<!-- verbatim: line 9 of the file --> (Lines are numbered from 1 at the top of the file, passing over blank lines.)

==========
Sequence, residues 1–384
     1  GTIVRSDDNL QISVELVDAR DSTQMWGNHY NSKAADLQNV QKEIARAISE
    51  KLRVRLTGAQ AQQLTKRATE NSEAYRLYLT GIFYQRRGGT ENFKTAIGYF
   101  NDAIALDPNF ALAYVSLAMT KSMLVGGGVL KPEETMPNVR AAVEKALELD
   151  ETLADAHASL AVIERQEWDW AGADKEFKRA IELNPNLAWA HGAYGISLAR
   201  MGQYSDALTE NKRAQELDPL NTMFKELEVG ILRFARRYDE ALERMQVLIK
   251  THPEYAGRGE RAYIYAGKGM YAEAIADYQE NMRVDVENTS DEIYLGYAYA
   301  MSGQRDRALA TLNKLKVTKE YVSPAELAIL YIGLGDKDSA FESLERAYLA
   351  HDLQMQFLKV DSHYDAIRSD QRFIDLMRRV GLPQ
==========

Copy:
   351  HDLQMQFLKV DSHYDAIRSD QRFIDLMRRV GLPQ